The yard should be managable. We do a thing called ground zero land scraping. We eliminate as much of the work for a future buyer as possible. The thing about bringing in pretty plants and color is a very nice idea in a fast market, but plantings need to be cared for. You should be sure you have a viable plan for the yard. It’s best to start the yard in the winter and plant it in early spring to be sure it will take hold.

    As I said before you can e-mail me about your property. Consultations are free, up to a point.

    You have also noticed a great many people with card board signs and day laborers. Before hiring an expensive contractor I would suggest the Millionaires Club or Casa Latina for help with your projects. Taking people off the street is risky, but many need work. Construction jobs are few and far between. There are some great folks looking for work. I’m just saying.

  17. 17
    Kary L. Krismer says:

    By Greg Perry @ 9:

    Good list.

    One small area that may get someone in a little trouble is “pressure washing the roof”.

    Pressure washing can blow the granules off a comp roof (erasing years).

    I was going to comment on that too. In addition to that, you can have some idiot aim the water the wrong direction, peeling them all back, making them more vulnerable in wind storms. Treatment and brushing is a better option.

    On shakes I prefer pressurized air to water.

  18. 18
    truthtold says:

    Looking for work….mememe.
    I’ld like to see self-promotion on RCG, where no one goes for more than the ads.
    e-mail me about your property. Of course, consultations are free,
    up to a point. No need to hire an expensive contractor…not when you have
    Love SeattleBubble and Mr. Losh and misc. contributing realtors, just not this hash.

  19. 19
    pannkake says:

    Please clean the soot off the wall over the fireplace. That looks horrible in listing photos.

  20. 20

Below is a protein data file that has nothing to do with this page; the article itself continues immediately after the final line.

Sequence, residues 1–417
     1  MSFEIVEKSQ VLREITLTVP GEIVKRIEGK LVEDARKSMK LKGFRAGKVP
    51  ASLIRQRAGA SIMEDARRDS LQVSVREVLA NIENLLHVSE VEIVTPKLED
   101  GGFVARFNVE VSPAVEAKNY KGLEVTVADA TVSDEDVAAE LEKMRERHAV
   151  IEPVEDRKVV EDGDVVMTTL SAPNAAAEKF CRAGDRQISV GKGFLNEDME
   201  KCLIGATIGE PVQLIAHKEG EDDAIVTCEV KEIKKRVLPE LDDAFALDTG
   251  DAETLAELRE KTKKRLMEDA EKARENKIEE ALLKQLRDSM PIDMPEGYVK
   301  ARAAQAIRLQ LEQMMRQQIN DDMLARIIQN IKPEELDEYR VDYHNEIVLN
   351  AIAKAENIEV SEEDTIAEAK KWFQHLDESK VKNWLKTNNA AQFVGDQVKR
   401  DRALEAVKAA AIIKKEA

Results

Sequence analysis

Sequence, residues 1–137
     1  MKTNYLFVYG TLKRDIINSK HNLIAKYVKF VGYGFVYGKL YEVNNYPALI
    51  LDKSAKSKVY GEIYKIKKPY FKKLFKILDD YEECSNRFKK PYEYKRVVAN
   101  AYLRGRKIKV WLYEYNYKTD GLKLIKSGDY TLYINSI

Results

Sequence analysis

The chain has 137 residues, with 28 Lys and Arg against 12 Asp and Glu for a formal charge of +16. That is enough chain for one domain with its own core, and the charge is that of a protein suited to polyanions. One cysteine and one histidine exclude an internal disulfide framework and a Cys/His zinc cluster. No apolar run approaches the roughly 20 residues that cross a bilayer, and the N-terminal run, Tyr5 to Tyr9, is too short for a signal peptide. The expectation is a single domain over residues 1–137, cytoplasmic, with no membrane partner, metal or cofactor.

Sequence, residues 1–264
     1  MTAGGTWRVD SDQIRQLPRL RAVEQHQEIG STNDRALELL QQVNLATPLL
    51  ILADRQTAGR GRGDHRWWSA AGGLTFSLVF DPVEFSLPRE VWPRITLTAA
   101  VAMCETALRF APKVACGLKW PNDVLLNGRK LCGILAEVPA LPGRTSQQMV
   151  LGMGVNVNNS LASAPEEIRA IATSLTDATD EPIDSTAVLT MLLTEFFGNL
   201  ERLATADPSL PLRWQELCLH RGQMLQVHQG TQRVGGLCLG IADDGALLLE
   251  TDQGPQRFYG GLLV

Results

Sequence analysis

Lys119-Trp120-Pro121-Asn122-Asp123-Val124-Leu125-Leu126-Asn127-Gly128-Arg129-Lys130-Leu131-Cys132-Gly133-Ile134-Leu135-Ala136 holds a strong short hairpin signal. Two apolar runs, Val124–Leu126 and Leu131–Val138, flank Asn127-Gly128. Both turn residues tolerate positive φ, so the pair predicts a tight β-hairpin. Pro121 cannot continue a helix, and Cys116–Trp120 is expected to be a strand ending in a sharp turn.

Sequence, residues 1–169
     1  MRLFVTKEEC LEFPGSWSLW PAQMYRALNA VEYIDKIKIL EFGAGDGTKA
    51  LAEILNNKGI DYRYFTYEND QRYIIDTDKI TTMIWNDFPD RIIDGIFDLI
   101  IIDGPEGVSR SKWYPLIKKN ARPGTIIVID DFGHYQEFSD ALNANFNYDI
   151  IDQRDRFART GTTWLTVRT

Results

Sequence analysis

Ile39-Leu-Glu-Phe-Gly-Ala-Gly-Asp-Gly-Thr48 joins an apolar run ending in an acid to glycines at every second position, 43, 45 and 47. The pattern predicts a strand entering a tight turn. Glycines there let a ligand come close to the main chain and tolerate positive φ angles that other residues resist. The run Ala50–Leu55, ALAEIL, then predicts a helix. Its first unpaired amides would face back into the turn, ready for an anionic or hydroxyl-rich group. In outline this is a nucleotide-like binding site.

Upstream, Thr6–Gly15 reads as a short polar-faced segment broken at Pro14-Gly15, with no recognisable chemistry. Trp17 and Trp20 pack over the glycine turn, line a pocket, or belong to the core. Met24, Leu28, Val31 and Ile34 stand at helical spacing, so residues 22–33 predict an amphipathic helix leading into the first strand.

RE: Kevin Lisota @ 3


    It’s just that most folks don’t have time/money to move perfectly good furniture [albeit used and worthless] about; and/or trucks/backs/money to accomplish the task while living in the house.

    You also may be selling listed homes and asking 10-15% off last year’s prices [way too high in my book]; and yes, I agree with you, they all must look like “god palaces” to even have a chance of snagging a less informed buyer with money.

    The problem with RE folks, in my opinion, is they sometimes live in the past. That was then, this is now. I’ve had many RE professionals show me the homes that they personally buy as quick sell investments [especially when they find out I’m one of the very small percentage of buyers that’s negotiating 50% down or more], then whitewash them on the cheap, and sell them for 25% profit and 25% below comparable list too. They make a great extra living doing it too.

    Sell your home without a realitor [like the RE professionals do too, ask them] and you save even more and can reduce the price even more too:

    But, none of that matters, just do as you’re told and don’t ask the RE insiders who leveled with me, like I have.

    Years ago there was even a newspaper called “Investor’s Edge” that a RE professional friend turned me on to, which listed all the default bargains out there that you could grab up before the court auctions. It showed any leans and title description contacts too. You needed 100% cash though. Most of the prices were at least 50% off with pay the bank principle off plus [I’d add] some negotiated profit for the distressed seller [they’re going to be evicted soon anyway and then they get no money].

    I will admit, you need to be a psychologist type to swing these sweetheart deals, as you’re sometimes dealing with mentally imbalanced folks that got themselves in this mess. I’m not talking upside down loan short sells or repos; those bank owned homes are generally too expensive, as any savvy RE pro knows. I’m talking homes bought in the 90s, where the owner is being evicted soon and there’s still lots of equity left.